Meaning of “rogue” in the English Dictionary

"rogue" in British English

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rogueadjective [ before noun ]

uk /rəʊɡ/ us /roʊɡ/
go rogue

informal to start behaving in a way that is not normal or expected, especially by leaving your group and doing something dangerous:

A Special Forces unit had gone rogue and was trying to free the hostage.

roguenoun [ C ]

uk /rəʊɡ/ us /roʊɡ/

old-fashioned humorous a person who behaves badly but who you still like:

"Come here, you little rogue!" chuckled my uncle.
The women all think he's a lovable old rogue.

old-fashioned a dishonest or bad man

(Definition of “rogue” from the Cambridge Advanced Learner’s Dictionary & Thesaurus © Cambridge University Press)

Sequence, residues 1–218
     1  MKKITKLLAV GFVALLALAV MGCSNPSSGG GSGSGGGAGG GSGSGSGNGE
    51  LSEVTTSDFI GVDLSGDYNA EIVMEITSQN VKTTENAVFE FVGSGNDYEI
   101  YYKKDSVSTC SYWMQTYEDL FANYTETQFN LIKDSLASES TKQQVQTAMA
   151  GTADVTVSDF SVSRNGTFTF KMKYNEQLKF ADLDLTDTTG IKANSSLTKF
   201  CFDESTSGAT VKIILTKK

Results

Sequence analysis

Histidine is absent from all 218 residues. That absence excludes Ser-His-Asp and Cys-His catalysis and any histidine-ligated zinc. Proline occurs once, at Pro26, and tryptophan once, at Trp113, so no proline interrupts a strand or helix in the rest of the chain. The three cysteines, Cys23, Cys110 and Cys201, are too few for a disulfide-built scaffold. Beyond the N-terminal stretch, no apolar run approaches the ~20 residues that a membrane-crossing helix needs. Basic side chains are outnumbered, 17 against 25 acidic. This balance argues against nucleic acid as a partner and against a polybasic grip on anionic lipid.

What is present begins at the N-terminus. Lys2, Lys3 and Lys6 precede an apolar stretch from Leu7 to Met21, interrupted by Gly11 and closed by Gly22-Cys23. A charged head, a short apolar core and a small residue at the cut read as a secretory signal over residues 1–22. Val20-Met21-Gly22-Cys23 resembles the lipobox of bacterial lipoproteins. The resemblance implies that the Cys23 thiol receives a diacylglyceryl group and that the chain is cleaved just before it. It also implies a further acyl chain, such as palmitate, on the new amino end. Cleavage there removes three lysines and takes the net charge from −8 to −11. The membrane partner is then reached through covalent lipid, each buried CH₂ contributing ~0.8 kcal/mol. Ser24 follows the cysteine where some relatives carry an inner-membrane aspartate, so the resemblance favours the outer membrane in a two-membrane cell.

"rogue" in American English

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roguenoun [ C ]

us /roʊɡ/

a person, organization, or country that does not behave in the usual or acceptable way:

Buzzy’s a fun-loving teenage rogue.
adjective [ not gradable ] us /roʊɡ/

A rogue employee might tap into the computer.

(Definition of “rogue” from the Cambridge Academic Content Dictionary © Cambridge University Press)

"rogue" in Business English

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rogueadjective [ before noun ]

uk /rəʊɡ/ us

behaving in ways that are not expected or not normal, often in a harmful way:

There have been rogue firms in the past which have ripped customers off.
a rogue state

(Definition of “rogue” from the Cambridge Business English Dictionary © Cambridge University Press)